An Everyman in a
Adam Johnson’s hero
endures in North Korea.
BY SHEILA HIMMEL
When tyrants die, the world usually gets to
peer into their bunkers and palaces. Not so in
December, when the death of North Korea’s
“Dear Leader” Kim Jong Il was kept secret for
two days and his little-known son promoted
amid tightly choreographed mass spectacles.
“Kim Jong Il spent his life creating
a land of mysteries and secrets, and in
his death he has created his greatest unknown,” says Adam Johnson, whose latest
novel, The Orphan Master’s Son (Random
House), takes place in the Democratic People’s Republic of Korea. “Kim Jong Un inherits not a sepulcher but a shroud. Who is
the son, how old is he, is he really in power?
So the uncertainty continues.”
“I think it’s the novelist’s job to fill out hidden
Six years ago, Johnson, a professor of
creative writing and a 1999-01 Stegner fellow, became captivated
by Kim’s exploits, including his kidnapping of a South Korean
director and actress whom Kim wanted to make movies (including
a script he’d written for a communist Godzilla). Johnson started
reading the translation of Pyongyang’s newspaper and the oral
histories of gulag survivors and pondering a nation of 25 million
subjected to daily loudspeaker propaganda. ( “And you
must listen to it,” Johnson says. “If you’re caught
tampering with your loudspeaker, that’s something
that could send you to a prison mine.”) He began
to imagine the life of an ordinary citizen. What
happens to personal identity? If you have
suspicions about the regime, do you share them
with others? At what risk? Johnson also felt the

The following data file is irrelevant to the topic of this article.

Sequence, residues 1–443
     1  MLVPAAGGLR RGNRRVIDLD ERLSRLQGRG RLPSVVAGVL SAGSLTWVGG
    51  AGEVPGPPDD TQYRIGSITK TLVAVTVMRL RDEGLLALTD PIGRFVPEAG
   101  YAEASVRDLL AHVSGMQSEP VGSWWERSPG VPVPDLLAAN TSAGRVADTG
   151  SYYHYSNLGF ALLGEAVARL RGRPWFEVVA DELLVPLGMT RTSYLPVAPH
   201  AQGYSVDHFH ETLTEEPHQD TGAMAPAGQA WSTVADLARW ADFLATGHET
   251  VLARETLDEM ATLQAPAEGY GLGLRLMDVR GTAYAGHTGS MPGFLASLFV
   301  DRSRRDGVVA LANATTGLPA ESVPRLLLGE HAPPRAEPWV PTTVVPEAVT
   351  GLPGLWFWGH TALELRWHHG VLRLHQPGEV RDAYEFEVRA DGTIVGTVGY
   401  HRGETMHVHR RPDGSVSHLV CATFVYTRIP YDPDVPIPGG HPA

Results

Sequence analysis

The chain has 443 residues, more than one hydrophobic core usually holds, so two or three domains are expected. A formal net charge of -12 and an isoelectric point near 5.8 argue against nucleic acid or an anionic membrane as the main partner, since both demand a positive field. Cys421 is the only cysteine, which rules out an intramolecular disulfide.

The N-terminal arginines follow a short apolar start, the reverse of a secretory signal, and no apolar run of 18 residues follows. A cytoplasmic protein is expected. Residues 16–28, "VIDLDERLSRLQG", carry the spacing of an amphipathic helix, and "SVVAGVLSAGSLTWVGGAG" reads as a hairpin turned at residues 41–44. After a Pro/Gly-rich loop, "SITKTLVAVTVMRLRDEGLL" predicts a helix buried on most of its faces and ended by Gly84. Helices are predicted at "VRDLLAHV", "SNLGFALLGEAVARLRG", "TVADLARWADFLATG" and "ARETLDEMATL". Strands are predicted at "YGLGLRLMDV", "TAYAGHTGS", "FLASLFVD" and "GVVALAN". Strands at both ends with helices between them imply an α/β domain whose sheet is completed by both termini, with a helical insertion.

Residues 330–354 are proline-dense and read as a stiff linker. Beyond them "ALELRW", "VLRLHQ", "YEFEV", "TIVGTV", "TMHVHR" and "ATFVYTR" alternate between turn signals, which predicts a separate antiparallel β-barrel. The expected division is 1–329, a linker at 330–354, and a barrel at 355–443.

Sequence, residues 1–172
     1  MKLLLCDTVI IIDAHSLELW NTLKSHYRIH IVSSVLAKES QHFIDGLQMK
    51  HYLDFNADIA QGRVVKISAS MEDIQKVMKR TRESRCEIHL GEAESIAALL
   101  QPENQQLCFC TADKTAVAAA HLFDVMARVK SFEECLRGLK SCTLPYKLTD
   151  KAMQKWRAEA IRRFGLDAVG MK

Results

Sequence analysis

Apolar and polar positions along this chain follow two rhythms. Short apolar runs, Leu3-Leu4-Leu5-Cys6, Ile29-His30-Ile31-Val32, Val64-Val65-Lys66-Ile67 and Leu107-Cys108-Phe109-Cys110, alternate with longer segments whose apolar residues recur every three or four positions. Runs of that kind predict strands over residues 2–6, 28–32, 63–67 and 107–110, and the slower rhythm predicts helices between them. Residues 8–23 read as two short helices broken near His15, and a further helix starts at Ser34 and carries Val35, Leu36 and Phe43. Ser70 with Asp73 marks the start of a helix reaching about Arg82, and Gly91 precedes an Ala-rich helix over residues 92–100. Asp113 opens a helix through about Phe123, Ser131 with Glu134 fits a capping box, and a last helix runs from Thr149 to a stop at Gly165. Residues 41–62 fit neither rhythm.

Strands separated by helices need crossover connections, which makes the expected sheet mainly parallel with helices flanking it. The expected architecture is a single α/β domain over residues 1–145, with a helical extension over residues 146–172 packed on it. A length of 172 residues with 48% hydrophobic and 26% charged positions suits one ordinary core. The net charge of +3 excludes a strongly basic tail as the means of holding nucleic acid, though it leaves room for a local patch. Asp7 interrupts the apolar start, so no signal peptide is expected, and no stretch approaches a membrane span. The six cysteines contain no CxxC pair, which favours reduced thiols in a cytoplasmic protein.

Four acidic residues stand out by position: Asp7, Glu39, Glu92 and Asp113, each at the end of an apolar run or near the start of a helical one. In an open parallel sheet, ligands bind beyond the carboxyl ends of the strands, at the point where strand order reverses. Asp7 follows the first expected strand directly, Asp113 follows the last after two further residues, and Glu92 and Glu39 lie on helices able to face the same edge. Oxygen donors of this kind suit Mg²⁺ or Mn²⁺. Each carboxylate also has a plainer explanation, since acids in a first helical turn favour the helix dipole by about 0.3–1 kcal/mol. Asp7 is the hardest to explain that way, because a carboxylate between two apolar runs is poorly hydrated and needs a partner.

Dear Leader had to be a character in the book.
psychological landscapes,” Johnson says. And
what could be more hidden than Kim Jong Il?
To convey a human nightmare in page-turning
fiction, Johnson used a “mosaic, puzzle-solving way
of storytelling,” David Ignatius of the Washington
Post wrote in one of the many impressive reviews
the book has received. Sam Sacks, in the Wall Street
Journal, called it a “work of high adventure, surreal coincidences
and terrible violence, seeming to straddle the line between
cinematic fantasy and brutal actuality.”
Johnson knew he had to visit North Korea to put flesh on the
bones of his research. After being turned down twice for a visa as
a visiting scholar, Johnson met a Korean War orphan whose NGO
planted apple orchards in North Korea. As the orchardist’s assistant,
North Koreans listen to propaganda
ABANDON ALL WARMTH: ‘Lots of shiny
all day—because tampering
with the loudspeaker could
get them sent to a prison mine.
guns in North Korea,’ Johnson notes in
captioning his photo of a greeter at the
International Friendship Museum.
he got a tourist visa. He says getting into the DPRK has gone “from
impossible to quite di;cult, to di;cult. . . . The desperation for
[visitors’] hard currency is very clear.”
A robust 6-foot- 4, Johnson was hard to miss. And yet, he says,
“I would walk the streets and people would not even look up at me.
They were afraid to.”
A visitor’s trip is scripted to prevent genuine interaction. In
Pyongyang, Johnson stayed in the Yanggak Island hotel, staffed
by Chinese, “So we didn’t even get to meet a North Korean citizen
at breakfast.” He irritated his minders with questions about why
he saw only one shade of lipstick and no citizens in wheelchairs,
but pleased them by spending lots of time at the Revolutionary
Martyrs Cemetery, where the book has several significant scenes.